The U.S. Army Quartermaster Corps is known for providing troops logistical support, but for PAE Army Client Executive Ken Dowd, it’s also a family affair. That’s something he spoke about on May 7 at the Quartermaster Hall of Fame induction ceremony at Fort Lee, Virginia, where he was both a 2019 inductee and the keynote speaker.
“I was married to my wife in that same building 32 years ago, and she went along with this career in the Army,” Dowd said. “I’m highlighting how important family is in this journey.”
The Quartermaster Corps provides specific services for troops on the ground and training for professionals supporting them. Functional services range from aerial delivery of supplies by parachute to feeding troops and the delivery of clean clothing, among providing other essential needs. The Quartermaster Hall of Fame recognizes leaders who have contributed the most to the achievement, tradition and history of this essential group and its goal of supporting victory.
In his speech, Dowd highlighted this year’s honorees, some of whom served in World War II, the Vietnam War, Operation Just Cause, Operations Desert Shield and Desert Storm, Operation Iraqi Freedom, and Operation Enduring Freedom.
“We are civilians, non-commission officers, warrant officers and officers,” Dowd said. “There are over 571 years of service to our nation among these honorees. That is truly incredible.”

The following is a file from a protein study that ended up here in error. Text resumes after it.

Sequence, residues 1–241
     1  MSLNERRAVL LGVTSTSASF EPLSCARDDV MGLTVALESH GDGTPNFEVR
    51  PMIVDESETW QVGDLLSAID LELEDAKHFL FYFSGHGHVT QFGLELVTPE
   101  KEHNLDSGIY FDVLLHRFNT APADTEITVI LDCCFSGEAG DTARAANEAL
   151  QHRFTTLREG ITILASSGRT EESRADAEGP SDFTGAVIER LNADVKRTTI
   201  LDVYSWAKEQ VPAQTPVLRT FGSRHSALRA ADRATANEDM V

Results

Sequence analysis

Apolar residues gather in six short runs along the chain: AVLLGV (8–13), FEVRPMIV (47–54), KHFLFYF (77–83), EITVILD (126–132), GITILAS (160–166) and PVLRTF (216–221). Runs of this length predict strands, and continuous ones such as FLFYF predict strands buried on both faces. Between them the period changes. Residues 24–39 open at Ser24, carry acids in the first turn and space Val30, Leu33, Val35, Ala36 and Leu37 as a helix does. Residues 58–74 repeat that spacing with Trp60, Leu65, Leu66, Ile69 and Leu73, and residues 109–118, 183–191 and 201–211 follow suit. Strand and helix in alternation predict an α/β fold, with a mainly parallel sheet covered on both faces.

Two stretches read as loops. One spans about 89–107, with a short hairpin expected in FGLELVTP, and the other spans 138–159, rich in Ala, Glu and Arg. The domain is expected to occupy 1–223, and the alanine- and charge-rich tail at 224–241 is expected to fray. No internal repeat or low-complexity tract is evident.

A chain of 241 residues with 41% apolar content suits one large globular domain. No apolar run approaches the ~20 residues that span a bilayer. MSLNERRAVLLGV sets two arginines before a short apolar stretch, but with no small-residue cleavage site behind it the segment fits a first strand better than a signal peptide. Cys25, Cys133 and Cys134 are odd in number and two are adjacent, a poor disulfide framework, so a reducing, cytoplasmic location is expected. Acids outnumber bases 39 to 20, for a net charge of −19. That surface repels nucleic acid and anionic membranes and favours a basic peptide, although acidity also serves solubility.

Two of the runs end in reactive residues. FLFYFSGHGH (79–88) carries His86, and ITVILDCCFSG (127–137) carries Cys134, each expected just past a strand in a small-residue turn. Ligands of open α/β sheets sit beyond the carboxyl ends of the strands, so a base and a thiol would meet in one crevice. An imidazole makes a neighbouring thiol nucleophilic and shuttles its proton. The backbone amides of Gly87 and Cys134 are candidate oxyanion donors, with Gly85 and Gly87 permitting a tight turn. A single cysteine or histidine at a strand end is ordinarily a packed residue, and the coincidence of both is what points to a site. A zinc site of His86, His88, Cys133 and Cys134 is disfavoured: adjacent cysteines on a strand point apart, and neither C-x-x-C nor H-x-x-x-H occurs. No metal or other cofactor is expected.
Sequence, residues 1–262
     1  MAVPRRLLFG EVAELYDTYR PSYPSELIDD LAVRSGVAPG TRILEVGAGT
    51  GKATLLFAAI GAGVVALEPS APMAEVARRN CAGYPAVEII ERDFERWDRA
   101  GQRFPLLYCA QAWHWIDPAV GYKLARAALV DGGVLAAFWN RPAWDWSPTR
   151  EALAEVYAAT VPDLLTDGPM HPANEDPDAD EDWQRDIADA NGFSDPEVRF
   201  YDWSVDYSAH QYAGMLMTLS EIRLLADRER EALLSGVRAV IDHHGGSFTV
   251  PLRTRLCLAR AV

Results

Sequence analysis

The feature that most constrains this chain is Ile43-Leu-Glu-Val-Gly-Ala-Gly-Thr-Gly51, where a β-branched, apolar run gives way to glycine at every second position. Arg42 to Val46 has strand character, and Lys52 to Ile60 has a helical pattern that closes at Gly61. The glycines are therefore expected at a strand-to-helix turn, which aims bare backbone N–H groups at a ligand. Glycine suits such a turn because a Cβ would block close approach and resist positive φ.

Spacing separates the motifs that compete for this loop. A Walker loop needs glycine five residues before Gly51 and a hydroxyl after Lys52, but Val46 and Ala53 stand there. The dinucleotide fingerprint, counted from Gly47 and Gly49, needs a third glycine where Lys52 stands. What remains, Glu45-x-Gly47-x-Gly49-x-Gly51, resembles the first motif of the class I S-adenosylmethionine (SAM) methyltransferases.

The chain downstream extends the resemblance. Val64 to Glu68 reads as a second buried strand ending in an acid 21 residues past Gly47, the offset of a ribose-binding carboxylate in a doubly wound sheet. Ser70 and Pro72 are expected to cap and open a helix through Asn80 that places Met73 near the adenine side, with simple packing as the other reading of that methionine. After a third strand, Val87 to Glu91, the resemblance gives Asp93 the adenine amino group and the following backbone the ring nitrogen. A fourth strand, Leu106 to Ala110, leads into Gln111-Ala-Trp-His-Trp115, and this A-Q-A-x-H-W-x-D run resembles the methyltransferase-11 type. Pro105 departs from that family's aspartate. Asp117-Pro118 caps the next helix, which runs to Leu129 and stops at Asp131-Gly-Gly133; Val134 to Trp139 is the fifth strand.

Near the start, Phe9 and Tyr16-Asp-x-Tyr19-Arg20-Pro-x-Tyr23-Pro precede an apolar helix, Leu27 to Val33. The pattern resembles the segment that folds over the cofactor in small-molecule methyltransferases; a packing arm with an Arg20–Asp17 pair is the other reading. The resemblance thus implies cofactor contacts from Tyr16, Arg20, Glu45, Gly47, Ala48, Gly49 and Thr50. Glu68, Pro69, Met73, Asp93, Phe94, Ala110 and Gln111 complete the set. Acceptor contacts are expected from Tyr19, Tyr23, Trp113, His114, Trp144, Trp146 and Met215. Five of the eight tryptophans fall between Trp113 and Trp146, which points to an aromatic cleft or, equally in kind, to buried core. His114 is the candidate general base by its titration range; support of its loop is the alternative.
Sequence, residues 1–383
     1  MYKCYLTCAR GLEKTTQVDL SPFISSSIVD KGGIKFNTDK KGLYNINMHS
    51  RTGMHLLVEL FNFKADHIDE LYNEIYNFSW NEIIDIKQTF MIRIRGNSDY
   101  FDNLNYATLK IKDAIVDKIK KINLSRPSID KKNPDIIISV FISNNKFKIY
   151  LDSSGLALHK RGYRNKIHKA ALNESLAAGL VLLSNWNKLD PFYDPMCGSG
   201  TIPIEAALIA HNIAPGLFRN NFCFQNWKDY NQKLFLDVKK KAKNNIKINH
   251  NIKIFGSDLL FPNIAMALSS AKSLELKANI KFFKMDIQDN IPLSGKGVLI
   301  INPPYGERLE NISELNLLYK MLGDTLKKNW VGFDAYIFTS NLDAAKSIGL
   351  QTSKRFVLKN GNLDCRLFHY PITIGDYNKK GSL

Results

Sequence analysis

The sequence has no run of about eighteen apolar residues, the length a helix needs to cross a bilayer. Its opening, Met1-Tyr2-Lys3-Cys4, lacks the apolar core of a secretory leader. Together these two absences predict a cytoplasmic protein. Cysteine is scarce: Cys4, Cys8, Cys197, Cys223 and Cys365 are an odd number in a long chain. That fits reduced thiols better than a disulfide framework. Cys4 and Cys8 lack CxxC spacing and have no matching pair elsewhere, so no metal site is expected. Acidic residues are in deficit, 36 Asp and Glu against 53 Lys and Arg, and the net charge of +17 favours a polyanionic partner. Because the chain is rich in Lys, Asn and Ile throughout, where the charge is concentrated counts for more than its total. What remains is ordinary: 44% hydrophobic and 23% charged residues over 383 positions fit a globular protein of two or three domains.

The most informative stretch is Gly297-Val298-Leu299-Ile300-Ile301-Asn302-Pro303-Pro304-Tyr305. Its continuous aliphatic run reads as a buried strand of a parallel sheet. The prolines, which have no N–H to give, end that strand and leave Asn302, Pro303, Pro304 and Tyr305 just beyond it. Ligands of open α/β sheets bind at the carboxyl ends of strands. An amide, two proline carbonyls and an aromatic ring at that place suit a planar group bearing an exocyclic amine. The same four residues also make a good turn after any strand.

Some faces familiar to Dowd were recognized in this year’s ceremony. Several inductees he introduced had been leaders with him in the Army, others reporting up to him, he said.
“I’m sure my fellow honorees agree that just as important in our development (as military leadership) were our peers and subordinates,” Dowd said. “We must always lead with dignity and respect. We must also listen to our peers and subordinates. That kind of crosstalk and feedback makes us better leaders.”
A retired Army major general, Dowd’s 35 years in the Army included accomplished tours in Kuwait and Afghanistan. He led a team responsible for the equipment drawdown of U.S. forces from Iraq, developing a logistics structure still used today in Afghanistan. His path to success wasn’t always clear, he said, but the Quartermasters Corps provided the direction he needed.
“I started out as a second lieutenant coming out of college, not sure what I was going to do,” he said. “I followed the path of the military and had some success and some good teams that I’ve been in combat with. I’ve been blessed with my roles in the military.”
A selection board reviews nominations and determines inductees annually. Dowd and his fellow inductees will join Hall of Fame members spanning 33 years in a permanent display at Fort Lee’s Mifflin Hall. Each was presented with a Quartermaster Hall of Fame medallion at the ceremony.